|North Adams Conservation Commission OKs Borings for Bike Path|
|By Tammy Daniels, iBerkshires Staff|
01:34AM / Tuesday, December 26, 2017
|The Conservation Commission gave approval for borings to determine the suitability of a boardwalk as part of the Mohawk Bike Path.|
Greenman-Pedersen engineers Seth Campbell and Lindsey Barbee presented to the commission.
NORTH ADAMS, Mass. — The Conservation Commission last week gave the go-ahead for borings to be taken along the proposed Mohawk Bike Path next month.
Commissioners on Monday determined a negative determination of applicability of the Wetlands Protection Act but set certain conditions to ensure they were aware of actions being taken in the area near Harriman and West Airport.
Engineers from Greenman-Pedersen Inc. of Wilmington, project managers for the 3.5-mile trail that will run from Simonds Road in Williamstown to Harriman & West Airport, said five borings will be done on city property just north of the airport.
"The intent of the borings is to get some subsurface soil and rock information because the proposed Mohawk trail/bicycle path is intended to go over the wetlands rather than create permanent impacts," said GPI engineer Lindsey Barbee. "So we're looking at some type of boardwalk structure."
The City Council last month accepted a 9.6-acre lot owned by Bay Colony LLC that will allow a one-mile city path to piggyback on the 2.5 miles project running through Williamstown. The area in question is an overgrown wetlands bordering a cul de sac to the east and links into the airport property to the south.
Barbee, and colleague Seth Campbell, said the borings would be done by GEI Consultants Inc. of Holyoke, an environmental engineering firm.
"The idea is to complete five borings, 60 foot depth if we can, and a track-mounted drill rig out of Holyoke is going to do that," Barbee said.
Access would be through the airport and she estimated one or two days to do all five borings. The work was expected to occur in January, possibly February, when there was enough snow and cold to alleviate any impact on the area in question.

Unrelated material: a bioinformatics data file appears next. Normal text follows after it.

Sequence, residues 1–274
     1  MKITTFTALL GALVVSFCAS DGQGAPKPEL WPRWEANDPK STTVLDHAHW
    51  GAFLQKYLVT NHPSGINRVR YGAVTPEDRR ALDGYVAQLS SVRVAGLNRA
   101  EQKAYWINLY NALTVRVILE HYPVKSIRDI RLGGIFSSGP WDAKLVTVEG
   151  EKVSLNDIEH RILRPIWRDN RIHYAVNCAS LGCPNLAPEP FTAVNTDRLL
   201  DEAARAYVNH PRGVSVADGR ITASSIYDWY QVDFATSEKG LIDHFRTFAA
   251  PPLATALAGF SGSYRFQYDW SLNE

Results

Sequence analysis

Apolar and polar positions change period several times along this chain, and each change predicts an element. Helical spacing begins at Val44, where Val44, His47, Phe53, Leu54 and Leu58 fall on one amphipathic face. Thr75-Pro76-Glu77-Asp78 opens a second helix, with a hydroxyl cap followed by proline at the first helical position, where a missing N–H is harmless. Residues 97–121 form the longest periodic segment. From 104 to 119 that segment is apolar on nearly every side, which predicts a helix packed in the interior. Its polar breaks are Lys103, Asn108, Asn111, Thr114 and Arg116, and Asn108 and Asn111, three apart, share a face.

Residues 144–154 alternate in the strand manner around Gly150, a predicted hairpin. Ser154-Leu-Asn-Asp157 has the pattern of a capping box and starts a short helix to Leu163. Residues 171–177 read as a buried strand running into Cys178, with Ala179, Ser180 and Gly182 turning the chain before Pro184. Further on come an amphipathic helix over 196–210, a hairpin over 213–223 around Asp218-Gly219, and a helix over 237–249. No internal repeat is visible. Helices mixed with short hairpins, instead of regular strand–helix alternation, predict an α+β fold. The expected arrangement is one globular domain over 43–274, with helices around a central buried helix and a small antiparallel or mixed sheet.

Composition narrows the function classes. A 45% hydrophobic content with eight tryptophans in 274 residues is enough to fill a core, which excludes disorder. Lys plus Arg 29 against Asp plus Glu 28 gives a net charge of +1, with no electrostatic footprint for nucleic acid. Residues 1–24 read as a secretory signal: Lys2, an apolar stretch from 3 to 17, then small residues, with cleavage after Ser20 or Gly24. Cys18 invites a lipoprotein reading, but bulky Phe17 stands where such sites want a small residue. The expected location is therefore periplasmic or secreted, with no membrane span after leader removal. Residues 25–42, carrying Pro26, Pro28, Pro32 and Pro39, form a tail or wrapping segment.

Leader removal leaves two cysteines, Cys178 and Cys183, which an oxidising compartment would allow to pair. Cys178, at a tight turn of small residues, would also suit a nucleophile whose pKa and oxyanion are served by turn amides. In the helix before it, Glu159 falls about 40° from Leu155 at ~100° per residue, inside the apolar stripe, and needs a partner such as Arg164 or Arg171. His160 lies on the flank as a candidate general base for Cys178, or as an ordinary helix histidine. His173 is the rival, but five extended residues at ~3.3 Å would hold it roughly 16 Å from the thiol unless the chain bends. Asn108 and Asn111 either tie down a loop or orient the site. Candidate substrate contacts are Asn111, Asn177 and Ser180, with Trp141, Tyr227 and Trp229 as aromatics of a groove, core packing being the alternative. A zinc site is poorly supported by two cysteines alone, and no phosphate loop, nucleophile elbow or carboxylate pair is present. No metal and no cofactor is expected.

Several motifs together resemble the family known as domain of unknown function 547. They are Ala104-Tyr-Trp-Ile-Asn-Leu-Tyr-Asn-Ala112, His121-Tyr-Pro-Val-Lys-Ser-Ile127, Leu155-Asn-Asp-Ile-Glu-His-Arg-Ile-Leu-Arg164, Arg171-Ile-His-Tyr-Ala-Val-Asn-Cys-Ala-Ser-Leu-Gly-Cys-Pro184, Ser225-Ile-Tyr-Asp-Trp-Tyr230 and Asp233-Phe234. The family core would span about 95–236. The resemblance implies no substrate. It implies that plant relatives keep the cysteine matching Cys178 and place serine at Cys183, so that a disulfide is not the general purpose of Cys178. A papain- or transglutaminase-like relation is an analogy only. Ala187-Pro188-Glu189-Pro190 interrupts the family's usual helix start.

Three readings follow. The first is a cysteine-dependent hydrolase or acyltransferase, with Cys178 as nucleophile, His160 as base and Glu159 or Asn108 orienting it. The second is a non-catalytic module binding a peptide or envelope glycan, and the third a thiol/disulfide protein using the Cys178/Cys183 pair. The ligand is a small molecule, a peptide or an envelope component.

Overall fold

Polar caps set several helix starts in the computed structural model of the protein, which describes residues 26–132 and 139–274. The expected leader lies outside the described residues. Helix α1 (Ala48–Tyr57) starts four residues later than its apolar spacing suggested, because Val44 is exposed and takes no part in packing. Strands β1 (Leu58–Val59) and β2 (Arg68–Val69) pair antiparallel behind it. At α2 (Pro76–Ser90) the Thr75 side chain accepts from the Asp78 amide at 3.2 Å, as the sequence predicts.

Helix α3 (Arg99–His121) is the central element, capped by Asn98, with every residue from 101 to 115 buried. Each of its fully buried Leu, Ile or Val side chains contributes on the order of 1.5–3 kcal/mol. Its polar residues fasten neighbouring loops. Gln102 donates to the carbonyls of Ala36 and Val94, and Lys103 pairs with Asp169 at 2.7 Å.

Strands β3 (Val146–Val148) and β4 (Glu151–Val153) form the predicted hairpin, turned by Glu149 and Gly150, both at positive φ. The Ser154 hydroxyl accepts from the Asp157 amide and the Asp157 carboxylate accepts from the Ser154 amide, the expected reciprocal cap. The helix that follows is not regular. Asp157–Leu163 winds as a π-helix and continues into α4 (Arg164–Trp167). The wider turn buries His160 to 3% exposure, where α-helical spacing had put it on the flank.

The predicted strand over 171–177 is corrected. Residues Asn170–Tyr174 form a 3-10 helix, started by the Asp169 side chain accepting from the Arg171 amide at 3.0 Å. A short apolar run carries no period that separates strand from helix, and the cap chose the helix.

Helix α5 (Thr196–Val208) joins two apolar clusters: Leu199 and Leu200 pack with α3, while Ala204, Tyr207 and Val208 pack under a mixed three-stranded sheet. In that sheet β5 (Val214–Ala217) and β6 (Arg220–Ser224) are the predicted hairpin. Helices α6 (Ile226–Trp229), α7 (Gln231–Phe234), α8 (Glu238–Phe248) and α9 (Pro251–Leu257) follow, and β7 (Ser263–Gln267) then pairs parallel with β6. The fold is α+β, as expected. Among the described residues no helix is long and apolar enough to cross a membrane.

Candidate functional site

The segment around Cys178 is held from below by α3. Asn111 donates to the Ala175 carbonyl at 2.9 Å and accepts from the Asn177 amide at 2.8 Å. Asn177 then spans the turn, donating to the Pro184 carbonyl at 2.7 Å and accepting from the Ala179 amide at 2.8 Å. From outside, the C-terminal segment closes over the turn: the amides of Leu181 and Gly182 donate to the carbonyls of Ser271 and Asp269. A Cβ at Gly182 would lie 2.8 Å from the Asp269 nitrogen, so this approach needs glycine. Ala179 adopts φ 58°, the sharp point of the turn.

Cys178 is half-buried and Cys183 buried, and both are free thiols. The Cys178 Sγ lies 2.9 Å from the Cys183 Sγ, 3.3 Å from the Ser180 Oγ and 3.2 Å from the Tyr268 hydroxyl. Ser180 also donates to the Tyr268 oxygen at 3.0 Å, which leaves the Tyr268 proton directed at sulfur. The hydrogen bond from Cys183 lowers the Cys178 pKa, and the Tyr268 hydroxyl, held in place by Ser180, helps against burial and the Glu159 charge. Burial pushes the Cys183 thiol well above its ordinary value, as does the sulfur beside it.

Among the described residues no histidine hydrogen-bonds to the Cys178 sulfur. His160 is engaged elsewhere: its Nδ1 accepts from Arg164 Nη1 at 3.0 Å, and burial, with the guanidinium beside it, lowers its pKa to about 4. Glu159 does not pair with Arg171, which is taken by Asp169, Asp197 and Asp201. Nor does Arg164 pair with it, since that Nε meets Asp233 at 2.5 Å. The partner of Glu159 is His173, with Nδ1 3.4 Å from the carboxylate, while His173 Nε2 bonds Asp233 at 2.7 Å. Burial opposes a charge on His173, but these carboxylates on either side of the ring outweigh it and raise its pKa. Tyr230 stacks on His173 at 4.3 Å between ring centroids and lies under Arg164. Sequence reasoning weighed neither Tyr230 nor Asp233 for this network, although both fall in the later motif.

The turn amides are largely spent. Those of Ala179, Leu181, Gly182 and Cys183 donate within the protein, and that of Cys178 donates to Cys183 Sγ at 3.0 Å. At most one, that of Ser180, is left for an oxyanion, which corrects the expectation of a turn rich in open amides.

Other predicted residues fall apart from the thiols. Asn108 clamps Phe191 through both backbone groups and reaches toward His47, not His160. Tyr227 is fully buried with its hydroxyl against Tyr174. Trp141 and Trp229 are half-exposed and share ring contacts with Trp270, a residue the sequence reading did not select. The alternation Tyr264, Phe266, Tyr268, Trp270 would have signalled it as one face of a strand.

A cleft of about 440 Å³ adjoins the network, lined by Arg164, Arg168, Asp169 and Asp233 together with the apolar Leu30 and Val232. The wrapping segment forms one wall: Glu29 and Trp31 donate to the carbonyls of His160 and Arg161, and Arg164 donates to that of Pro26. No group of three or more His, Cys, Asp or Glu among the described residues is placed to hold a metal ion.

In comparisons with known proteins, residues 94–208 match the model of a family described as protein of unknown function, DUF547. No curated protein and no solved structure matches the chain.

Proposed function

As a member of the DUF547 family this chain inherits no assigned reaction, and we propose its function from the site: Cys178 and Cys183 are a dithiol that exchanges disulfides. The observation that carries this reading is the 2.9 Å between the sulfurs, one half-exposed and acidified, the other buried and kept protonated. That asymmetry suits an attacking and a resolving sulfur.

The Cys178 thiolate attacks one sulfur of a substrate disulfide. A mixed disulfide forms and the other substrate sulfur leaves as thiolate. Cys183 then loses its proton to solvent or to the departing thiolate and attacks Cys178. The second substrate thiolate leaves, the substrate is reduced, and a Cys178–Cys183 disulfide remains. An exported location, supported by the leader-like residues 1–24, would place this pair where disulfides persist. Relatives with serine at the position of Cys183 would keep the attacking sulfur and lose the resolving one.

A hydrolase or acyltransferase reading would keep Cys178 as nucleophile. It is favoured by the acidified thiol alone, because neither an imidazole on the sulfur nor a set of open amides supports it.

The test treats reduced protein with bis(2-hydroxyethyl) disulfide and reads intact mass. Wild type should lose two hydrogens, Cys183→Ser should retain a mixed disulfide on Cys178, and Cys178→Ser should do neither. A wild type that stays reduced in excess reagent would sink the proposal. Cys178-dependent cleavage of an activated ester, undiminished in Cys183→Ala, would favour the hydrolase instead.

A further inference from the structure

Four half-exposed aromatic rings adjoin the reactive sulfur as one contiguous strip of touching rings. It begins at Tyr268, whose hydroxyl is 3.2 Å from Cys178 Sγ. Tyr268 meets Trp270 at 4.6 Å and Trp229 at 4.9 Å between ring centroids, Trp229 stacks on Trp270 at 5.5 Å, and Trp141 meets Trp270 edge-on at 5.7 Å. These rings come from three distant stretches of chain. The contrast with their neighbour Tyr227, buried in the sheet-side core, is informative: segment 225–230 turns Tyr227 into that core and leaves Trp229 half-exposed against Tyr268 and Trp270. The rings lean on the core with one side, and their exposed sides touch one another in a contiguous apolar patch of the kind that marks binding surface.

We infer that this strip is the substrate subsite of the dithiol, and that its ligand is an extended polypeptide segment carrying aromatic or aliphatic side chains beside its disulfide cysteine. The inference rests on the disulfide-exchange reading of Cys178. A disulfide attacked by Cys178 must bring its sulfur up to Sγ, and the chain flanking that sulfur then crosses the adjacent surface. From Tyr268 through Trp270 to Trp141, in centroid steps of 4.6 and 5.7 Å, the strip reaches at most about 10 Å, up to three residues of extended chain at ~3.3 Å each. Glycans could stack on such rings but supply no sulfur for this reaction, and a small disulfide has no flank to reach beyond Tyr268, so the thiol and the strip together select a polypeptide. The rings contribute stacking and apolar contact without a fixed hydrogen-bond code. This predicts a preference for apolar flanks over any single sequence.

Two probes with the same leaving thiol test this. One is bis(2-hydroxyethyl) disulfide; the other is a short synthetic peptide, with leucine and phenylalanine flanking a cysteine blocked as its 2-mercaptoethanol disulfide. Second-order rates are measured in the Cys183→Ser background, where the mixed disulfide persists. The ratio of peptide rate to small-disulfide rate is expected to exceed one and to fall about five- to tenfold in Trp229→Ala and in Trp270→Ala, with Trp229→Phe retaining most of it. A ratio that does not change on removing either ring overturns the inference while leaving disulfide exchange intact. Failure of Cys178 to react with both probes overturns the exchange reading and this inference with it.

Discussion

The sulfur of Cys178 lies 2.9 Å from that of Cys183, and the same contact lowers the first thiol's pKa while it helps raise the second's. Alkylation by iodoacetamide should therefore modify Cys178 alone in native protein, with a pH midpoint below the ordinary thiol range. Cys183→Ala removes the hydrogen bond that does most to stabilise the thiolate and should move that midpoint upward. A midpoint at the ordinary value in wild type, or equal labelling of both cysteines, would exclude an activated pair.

She did not anticipate using any traction pads because of the winter conditions or hay bales, because those could actually be more disruptive. The spots are flagged and GEI will be escorted to the right locations and tailings will be pushed back or disposed of on airport property, she said in response to questions.
"My biggest thing for this is just making sure they're not tracking east to west ... as opposed to coming out going around the culvert," Chairman Jason Moran said. Barbee said she would make sure that was done.
There would be some clearing of brush but not of significant trees. Rather, it would be downed trees, trees of less than 6 inches in diamater and removal of invasive specials, and done in collaboration with the airport. Moran asked that the clearing be done manually rather than mechanically.
Conditions were set that the city be notified prior to work if traction pads were being used, who was be doing the clearing, and if best management practices were required.
Commissioner Timothy Lescarbeau, also the city's commissioner of public services, anticipated that his department would be involved in any clearing on city property.
"With the little bit of clearing they'd have to do, I don't have an issue with it," he said. "There's lots of invasive species in there."
The $5 million project is at 25 percent design and is expected to be funded in the region's 2019 Transportation Improvement Plan.